Valls’ popularity, for the moment, is rising. Public opinion polls repeatedly identify him as the government’s most popular minister. His popularity surged in October with his announcement of the arrest and deportation of a Tunisian imam, Mohammed Hammami, whose sermons in Paris were laced with anti-Semitism and advocated violent jihad against the West. During his appearance on Des Paroles et des actes, Valls warned against the appeal of “romanticism”—namely, the tendency, especially on the Left, to believe in our better angels and overlook the harsh realities that often face governments. If the Left is not realist, he suggested, it will not be at all. This seems a message the French are increasingly willing to hear: not only words, but acts are called for.


Permalink | | Share | Email | Print | Filed under: toulouse, manuel valls, muslim, gerard depardieu, jewish, france, extremist

The Jewish Daily Forward welcomes reader comments in order to promote thoughtful discussion on issues of importance to the Jewish community. In the interest of maintaining a civil forum, The Jewish Daily Forwardrequires that all commenters be appropriately respectful toward our writers, other commenters and the subjects of the articles. Vigorous debate and reasoned critique are welcome; name-calling and personal invective are not. While we generally do not seek to edit or actively moderate comments, our spam filter prevents most links and certain key words from being posted and The Jewish Daily Forward reserves the right to remove comments for any reason.




Find us on Facebook!
  • What do you think of Wonder Woman's new look?
  • "She said that Ruven Barkan, a Conservative rabbi, came into her classroom, closed the door and turned out the lights. He asked the class of fourth graders to lie on the floor and relax their bodies. Then, he asked them to pray for abused children." Read Paul Berger's compelling story about a #Savannah community in turmoil:
  • “Everything around me turns orange, then a second of silence, then a bomb goes off!" First installment of Walid Abuzaid’s account of the war in #Gaza:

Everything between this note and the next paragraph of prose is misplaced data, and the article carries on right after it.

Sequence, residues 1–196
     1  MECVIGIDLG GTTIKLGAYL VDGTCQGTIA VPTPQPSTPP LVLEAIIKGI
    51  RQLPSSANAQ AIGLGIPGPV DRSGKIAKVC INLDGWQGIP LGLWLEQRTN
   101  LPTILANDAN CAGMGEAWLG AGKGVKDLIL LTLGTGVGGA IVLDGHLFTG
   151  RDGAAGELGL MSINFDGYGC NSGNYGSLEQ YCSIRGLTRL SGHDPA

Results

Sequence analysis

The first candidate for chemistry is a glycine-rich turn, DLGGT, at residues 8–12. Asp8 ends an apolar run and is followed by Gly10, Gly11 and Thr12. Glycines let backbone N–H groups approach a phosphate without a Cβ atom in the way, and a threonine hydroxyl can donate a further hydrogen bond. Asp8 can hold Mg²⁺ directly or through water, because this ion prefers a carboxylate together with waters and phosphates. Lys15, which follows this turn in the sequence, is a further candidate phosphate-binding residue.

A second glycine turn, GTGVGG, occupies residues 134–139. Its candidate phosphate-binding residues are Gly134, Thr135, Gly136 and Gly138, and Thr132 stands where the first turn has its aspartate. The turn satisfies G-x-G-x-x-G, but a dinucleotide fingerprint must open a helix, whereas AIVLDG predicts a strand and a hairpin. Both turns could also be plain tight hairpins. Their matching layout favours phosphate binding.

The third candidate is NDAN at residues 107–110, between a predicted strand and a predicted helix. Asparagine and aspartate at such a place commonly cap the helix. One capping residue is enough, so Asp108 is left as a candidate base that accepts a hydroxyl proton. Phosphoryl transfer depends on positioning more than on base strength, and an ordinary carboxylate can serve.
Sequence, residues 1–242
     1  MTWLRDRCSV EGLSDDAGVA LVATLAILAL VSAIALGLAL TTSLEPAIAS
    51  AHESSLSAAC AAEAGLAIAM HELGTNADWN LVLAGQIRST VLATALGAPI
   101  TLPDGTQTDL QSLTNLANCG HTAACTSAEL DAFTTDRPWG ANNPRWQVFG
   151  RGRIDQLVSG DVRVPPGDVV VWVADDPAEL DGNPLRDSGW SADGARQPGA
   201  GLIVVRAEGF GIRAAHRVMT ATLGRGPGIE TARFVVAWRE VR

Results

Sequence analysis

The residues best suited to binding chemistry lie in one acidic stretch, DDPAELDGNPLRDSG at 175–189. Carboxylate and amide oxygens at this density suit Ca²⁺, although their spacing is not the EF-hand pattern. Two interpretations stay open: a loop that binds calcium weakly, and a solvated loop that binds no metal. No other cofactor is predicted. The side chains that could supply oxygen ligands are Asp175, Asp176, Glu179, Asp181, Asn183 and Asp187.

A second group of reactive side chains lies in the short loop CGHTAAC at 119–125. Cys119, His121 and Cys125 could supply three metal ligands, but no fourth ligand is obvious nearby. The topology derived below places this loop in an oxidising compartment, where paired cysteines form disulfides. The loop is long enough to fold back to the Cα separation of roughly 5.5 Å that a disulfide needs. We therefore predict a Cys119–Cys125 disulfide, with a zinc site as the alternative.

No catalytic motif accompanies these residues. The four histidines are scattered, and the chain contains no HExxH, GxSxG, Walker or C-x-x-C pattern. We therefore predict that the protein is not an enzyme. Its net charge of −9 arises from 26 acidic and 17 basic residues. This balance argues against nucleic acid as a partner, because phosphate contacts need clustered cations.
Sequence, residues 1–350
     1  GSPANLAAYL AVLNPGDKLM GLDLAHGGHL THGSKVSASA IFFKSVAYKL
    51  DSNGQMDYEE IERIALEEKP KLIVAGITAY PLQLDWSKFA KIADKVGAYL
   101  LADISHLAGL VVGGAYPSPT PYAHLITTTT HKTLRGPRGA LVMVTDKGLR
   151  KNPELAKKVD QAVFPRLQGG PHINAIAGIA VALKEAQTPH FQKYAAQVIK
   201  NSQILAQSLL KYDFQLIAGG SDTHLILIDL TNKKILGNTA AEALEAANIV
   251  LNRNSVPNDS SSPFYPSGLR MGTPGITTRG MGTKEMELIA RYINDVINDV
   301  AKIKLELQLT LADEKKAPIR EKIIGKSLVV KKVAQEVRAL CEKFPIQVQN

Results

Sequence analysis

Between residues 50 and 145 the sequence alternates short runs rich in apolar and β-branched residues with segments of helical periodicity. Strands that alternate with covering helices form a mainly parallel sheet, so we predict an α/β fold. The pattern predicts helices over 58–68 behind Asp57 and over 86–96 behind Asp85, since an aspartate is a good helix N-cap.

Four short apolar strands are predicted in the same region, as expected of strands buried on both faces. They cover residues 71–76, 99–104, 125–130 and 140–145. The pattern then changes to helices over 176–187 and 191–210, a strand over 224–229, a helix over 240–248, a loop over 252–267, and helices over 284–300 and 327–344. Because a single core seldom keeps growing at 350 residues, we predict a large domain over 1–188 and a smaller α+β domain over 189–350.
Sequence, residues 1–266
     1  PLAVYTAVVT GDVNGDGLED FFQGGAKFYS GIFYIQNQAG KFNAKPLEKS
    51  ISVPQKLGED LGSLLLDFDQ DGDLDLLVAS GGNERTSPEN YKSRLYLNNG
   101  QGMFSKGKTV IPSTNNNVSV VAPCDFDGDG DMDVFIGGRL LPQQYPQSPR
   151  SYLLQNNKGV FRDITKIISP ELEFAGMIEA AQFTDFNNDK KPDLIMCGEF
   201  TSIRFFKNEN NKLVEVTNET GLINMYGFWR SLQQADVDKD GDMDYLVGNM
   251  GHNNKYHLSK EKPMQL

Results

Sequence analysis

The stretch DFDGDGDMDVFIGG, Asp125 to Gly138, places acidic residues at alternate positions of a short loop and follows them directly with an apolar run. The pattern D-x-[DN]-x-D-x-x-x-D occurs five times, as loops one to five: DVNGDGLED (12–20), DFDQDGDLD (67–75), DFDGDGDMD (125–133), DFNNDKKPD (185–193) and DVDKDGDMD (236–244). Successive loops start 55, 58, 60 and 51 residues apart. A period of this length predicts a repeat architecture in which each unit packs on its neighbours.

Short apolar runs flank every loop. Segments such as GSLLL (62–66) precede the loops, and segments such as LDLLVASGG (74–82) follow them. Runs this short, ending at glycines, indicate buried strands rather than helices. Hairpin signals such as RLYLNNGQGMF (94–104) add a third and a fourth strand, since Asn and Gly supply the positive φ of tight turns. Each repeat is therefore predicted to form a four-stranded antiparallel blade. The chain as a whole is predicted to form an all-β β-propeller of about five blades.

• Is boredom un-Jewish?
  • Let's face it: there's really only one Katz's Delicatessen.
  • "Dear Diaspora Jews, I’m sorry to break it to you, but you can’t have it both ways. You can’t insist that every Jew is intrinsically part of the Israeli state and that Jews are also intrinsically separate from, and therefore not responsible for, the actions of the Israeli state." Do you agree?
  • Are Michelangelo's paintings anti-Semitic? Meet the Jews of the Sistine Chapel: http://jd.fo/i4UDl
  • What does the Israel-Hamas war look like through Haredi eyes?
  • Was Israel really shocked to find there are networks of tunnels under Gaza?
  • “Going to Berlin, I had a sense of something waiting there for me. I was searching for something and felt I could unlock it by walking the streets where my grandfather walked and where my father grew up.”
  • How can 3 contradictory theories of Yiddish co-exist? Share this with Yiddish lovers!
  • "We must answer truthfully: Has a drop of all this bloodshed really helped bring us to a better place?”
  • "There are two roads. We have repeatedly taken the one more traveled, and that has made all the difference." Dahlia Scheindlin looks at the roots of Israel's conflict with Gaza.
  • Shalom, Cooperstown! Cooperstown Jewish mayor Jeff Katz and Jeff Idelson, director of the National Baseball Hall of Fame, work together to oversee induction weekend.
  • A boost for morale, if not morals.
  • from-cache

Would you like to receive updates about new stories?




















We will not share your e-mail address or other personal information.

Already subscribed? Manage your subscription.